Reuters reported exclusively on Sunday that Google's parent company, Alphabet, has suspended some business with Huawei - a major blow to the Chinese tech company that the U.S. government has sought to blacklist around the world.
A source close to the matter told Reuters that business requiring the transfer of hardware and software products except those covered by open source licenses is suspended, though details of the specific services were still being discussed internally at Google.
The suspension means Huawei will immediately lose access to updates to the Android operating system, and the next version of its smartphones outside of China will also lose access to popular applications and services including the Google Play Store and Gmail.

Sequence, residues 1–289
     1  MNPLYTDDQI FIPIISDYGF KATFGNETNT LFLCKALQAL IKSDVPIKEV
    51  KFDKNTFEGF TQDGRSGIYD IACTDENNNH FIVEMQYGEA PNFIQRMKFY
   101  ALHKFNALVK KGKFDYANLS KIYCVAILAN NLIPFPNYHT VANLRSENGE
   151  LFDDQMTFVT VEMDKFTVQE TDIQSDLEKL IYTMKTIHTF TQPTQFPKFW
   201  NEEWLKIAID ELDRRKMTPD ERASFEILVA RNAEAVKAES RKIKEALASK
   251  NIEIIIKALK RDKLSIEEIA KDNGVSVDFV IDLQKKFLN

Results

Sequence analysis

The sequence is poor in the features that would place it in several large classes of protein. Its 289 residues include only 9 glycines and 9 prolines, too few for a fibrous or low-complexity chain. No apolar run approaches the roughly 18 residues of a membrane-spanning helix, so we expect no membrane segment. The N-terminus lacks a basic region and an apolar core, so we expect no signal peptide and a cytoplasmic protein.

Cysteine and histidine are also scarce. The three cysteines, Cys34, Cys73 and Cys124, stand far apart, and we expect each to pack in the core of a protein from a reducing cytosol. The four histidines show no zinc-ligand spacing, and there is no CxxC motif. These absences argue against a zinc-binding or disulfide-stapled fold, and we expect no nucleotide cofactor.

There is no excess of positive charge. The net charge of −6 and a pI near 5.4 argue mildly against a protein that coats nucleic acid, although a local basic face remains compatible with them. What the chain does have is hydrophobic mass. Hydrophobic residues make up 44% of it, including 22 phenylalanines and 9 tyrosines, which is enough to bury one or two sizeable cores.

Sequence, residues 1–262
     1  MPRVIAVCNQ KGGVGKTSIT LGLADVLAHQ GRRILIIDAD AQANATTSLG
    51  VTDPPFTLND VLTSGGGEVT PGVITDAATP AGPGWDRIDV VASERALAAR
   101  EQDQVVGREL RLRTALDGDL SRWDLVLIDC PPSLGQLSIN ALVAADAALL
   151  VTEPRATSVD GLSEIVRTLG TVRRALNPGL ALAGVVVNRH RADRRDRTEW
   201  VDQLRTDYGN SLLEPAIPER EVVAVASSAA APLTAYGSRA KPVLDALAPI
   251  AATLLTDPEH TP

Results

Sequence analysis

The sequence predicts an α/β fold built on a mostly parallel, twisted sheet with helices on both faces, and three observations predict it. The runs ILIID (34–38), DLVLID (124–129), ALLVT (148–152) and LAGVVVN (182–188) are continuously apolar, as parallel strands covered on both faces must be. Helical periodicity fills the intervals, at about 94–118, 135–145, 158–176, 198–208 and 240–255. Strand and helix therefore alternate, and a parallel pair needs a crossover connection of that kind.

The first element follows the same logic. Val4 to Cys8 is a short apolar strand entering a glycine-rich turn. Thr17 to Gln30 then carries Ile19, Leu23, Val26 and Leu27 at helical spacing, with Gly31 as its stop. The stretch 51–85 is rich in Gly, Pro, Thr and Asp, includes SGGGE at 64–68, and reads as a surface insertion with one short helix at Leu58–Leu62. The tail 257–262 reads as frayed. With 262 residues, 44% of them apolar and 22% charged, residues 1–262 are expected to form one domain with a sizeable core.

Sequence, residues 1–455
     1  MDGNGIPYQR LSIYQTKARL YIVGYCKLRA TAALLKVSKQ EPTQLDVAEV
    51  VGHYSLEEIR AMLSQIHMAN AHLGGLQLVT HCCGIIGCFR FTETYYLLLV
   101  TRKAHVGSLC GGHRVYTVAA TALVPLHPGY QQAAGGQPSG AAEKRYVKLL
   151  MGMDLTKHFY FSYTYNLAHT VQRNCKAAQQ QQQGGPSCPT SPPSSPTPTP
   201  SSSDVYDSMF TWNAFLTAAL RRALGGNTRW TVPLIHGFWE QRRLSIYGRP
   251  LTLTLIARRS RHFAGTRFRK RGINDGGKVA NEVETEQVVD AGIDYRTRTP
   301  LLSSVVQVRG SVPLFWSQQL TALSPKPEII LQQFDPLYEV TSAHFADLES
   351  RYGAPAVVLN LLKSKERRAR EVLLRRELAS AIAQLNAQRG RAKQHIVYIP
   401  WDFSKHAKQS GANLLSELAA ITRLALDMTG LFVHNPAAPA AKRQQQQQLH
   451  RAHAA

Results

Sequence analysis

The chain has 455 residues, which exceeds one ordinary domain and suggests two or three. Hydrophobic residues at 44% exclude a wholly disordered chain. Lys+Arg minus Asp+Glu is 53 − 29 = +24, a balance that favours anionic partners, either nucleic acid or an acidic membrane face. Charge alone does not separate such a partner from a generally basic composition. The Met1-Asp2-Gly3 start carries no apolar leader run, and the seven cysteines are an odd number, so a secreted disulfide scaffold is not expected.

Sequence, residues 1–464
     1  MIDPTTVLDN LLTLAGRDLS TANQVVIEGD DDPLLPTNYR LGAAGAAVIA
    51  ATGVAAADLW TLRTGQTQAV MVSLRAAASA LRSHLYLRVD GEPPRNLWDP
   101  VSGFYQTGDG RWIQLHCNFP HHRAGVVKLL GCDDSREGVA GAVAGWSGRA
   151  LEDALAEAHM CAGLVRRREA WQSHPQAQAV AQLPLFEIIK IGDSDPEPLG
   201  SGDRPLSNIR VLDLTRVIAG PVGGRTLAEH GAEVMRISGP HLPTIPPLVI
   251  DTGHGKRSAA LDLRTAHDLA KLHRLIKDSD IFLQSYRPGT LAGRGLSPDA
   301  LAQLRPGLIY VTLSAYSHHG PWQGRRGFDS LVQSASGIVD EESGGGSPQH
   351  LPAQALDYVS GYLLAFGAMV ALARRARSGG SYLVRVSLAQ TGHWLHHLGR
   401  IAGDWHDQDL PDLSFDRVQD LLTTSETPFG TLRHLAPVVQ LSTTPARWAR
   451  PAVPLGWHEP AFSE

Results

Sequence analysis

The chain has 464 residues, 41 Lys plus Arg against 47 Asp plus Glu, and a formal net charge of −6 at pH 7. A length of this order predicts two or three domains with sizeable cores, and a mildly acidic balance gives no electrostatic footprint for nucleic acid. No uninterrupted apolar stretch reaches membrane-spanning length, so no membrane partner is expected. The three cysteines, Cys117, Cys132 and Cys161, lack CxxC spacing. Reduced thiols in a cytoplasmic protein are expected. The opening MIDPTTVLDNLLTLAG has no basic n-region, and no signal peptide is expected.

Last week, the Trump administration officially added Huawei to a trade blacklist, immediately enacting restrictions that will make it extremely difficult for the technology giant to do business with U.S. companies.
But the U.S. Commerce Department told Reuters on Friday that it may soon scale back restrictions on Huawei, saying its considering temporary licenses for the Chinese company's existing clients.
The U.S. believes Huawei's smartphones and network equipment could be used by China to spy on Americans.
Huawei has repeatedly denied those allegations.
The latest move comes as China strikes a more aggressive tone in its trade war with the United States.
And Beijing has suggested a resumption in talks would be meaningless unless Washington changed course.